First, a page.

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Chimichanga fight! A political war of words over Latino voters, the GOP and deep-fried burritos

Photo by Scorpions and Centaurs/Flickr (Creative Commons)

What's all this business with chimichangas today? It's the second-time that the Arizona-bred culinary weapon of mass destruction has made the political scene lately, but this latest go-round is miles from Phoenix.

The "Chimichanga Kerfuffle," as one conservative columnist has dubbed it, refers to the flap that has surrounded President Obama's campaign manager Jim Messina tweeting a chimichanga-related line from an opinion piece by Washington Post columnist Dana Milbank. In the piece, about the GOP's trouble with Latino voters, Milbank quoted Arizona's Sen. John McCain:

“The lettuce in your salad this month almost certainly came from Arizona,” McCain said. “It’s also believed that the chimichanga has its origin in Arizona.”

Then Milbanks followed with the line:
The chimichanga? It may be the only thing Republicans have left to offer Latinos.

Which Messina (@Messina2012) tweeted as:

Line of the day from WAPO's Dana Milbank: "The chimichanga? It may be the only thing Republicans have left to offer Latinos."

Which has in turn prompted an outcry, from conservatives in particular. Like this tweet, from the conservative Hispanic Leadership Network (@HispanicLN):

How insulting and condescending, @Messina2012 must apologize immediately and Obama must disavow

Or this line from conservative blogger Michelle Malkin, coiner of the term "Chinichanga Kerfuffle," who wrote about what she sees as a double standard:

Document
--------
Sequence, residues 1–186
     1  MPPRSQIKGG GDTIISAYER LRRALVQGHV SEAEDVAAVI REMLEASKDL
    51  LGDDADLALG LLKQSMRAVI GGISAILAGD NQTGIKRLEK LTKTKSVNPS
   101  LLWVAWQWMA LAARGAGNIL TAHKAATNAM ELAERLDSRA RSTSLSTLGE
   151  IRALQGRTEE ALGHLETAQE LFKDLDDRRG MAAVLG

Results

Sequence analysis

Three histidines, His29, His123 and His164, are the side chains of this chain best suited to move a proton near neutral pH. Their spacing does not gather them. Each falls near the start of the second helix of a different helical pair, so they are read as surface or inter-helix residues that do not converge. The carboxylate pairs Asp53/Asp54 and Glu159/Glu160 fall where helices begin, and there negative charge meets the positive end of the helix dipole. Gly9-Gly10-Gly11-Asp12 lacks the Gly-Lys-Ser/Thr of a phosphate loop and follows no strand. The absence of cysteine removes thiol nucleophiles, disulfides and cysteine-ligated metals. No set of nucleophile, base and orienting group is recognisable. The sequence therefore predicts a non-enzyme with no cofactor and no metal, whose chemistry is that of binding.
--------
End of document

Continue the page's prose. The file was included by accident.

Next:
File under “What if a top-ranking GOP official had said this?”

The question is, if Latinos are being offered chimichangas, how many really want them? Blecch.

Now comes the chimichanga trivia: The calorie-laden deep fried burrito known as the chimi is, as it turns out, no culinary immigrant. Last fall I provided a bit of chimichanga history as some Arizonans were pushing legislators to make the chimichanga the official state dish:

Its invention is claimed by two Arizona restaurants, Macayo’s Mexican Kitchen in Phoenix, which started the petition drive, and the El Charro Cafe in Tucson, said to be the oldest continuously operating Mexican restaurant in the country. While it has Mexican relatives, the chimi is likely as American as apple pie and Tex-Mex.

Wherever it was invented, the native-born greasebomb is clearly well-loved. The (New York) Times story even cites the recent case of a convicted murderer who, upon ordering his last meal on Arizona’s death row, requested a double cheeseburger and fries – and a chimichanga.

Meanwhile, the Washington war of words continues to develop as more voices join in. Univision has a good tick-tock of the chimi fight as it evolves online. Buen provecho.